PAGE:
Harnessing the power of the immune system to fight obesity associated cancer

Eimear Mylod

Obesity is a growing health problem around the world and can cause many diseases. Obese people are at higher risk of cancers such as oesophageal cancer which is a cancer of the food pipe. Today, most people with oesophageal cancer don’t respond to available treatment options, meaning survival rates are low. The immune system is essential for fighting cancer, but it is often faulty in cancer patients. Treatments that aim to use the immune system to help fight cancer are called immunotherapies. In recent years immunotherapy has been heralded as a major breakthrough for cancer treatment.

Natural killer cells are the body’s own first-line defense against cancer and are important for cancer-killing. This team has shown that these important cancer-killing natural killer cells are pulled into the fat in oesophageal cancer patients, where they die. This reduces the body’s ability to fight cancer. The movement of immune cells, including natural killer cells, around the body, is controlled by molecules called chemokines. They have shown that chemokines are dysregulated in oesophageal cancer and are guiding immune cells to the fat instead of cancer. Eimear’s research study will test whether targeting chemokines can redirect natural killer cell movement toward the tumour in oesophageal cancer patients. They hope that this offers the therapeutic potential to boost natural killer cell movement to the site of cancer and help to eliminate it.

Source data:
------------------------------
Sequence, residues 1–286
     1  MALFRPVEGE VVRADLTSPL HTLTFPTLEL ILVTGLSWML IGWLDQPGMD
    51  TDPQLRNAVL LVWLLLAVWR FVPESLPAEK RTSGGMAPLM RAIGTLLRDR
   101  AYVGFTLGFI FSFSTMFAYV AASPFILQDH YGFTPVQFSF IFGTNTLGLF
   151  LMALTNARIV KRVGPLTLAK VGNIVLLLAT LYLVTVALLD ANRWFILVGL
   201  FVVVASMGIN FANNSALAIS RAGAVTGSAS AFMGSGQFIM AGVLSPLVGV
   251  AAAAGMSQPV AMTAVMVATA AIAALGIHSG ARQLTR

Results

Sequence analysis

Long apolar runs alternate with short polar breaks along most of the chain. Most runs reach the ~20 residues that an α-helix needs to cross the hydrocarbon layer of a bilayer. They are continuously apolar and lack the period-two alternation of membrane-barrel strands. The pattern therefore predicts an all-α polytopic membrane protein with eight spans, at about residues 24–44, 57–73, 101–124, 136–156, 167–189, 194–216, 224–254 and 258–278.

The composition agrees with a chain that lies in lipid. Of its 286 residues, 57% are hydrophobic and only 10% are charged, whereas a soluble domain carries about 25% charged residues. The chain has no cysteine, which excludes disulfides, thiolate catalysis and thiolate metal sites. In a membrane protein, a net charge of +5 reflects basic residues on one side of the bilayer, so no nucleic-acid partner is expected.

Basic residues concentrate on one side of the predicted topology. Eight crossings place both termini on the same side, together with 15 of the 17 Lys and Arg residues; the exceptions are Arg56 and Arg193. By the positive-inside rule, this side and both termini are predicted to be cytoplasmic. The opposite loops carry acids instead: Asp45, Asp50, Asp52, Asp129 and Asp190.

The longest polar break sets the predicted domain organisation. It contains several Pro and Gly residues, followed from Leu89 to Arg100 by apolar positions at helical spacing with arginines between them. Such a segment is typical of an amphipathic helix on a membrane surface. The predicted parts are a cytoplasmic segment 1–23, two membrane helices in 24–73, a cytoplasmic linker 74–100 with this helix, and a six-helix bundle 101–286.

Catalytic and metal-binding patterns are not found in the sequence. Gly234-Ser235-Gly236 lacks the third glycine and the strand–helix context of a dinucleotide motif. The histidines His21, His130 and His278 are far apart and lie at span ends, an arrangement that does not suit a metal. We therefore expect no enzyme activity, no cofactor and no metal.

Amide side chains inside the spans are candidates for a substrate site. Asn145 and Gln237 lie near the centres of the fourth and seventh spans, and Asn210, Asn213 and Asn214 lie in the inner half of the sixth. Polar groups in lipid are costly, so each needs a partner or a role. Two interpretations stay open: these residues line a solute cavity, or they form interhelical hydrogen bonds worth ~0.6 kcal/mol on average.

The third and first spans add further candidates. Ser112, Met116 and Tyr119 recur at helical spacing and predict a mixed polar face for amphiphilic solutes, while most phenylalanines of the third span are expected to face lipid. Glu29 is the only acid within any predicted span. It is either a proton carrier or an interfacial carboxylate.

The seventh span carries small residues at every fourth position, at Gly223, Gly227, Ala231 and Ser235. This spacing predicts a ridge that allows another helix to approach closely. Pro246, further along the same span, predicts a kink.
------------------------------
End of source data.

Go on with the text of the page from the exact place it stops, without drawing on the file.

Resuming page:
Research Findings


Mylod E, O’Connell F, Donlon NE, Butler C, Reynolds JV, Lysaght J, and Conroy MJ. The Omentum in Obesity-Associated Cancer: A Hindrance to Effective Natural Killer Cell Migration towards Tumour Which Can Be Overcome by CX3CR1 Antagonism. Cancers 2022, 14(1), 64.

Mylod E, Melo AM, Donlon NE, Davern M, Bhardwaj A, Reynolds JV, Lysaght J, Conroy MJ. Fractalkine Elicits Chemotactic, Phenotypic, and Functional Effects on CX3CR1+CD27 NK Cells in Obesity-Associated Cancer. J Immunol. 2021 Aug 15;207(4):1200-1210. doi: 10.4049/jimmunol.2000987. Epub 2021 Jul 28. PMID: 34321227.
Melo AM, Mylod E, Fitzgerald V, Donlon NE, Murphy DM, Foley EK, Bhardwaj A, Reynolds JV, Doherty DG, Lysaght J, Dunne MR, Conroy MJ. Tissue distribution of γδ T cell subsets in oesophageal adenocarcinoma. Clin Immunol. 2021 Aug;229:108797. doi: 10.1016/j.clim.2021.108797. Epub 2021 Jul 15. PMID: 34273585.
Start year:
End year:
Principal Investigators:
Dr Melissa Conroy & Associate Professor Joanne Lysaght
Eimear Mylod
Host Institution:
Trinity College Dublin
Cancer type:
Linked Breakthrough Research Priorities: 
1, 2, 4

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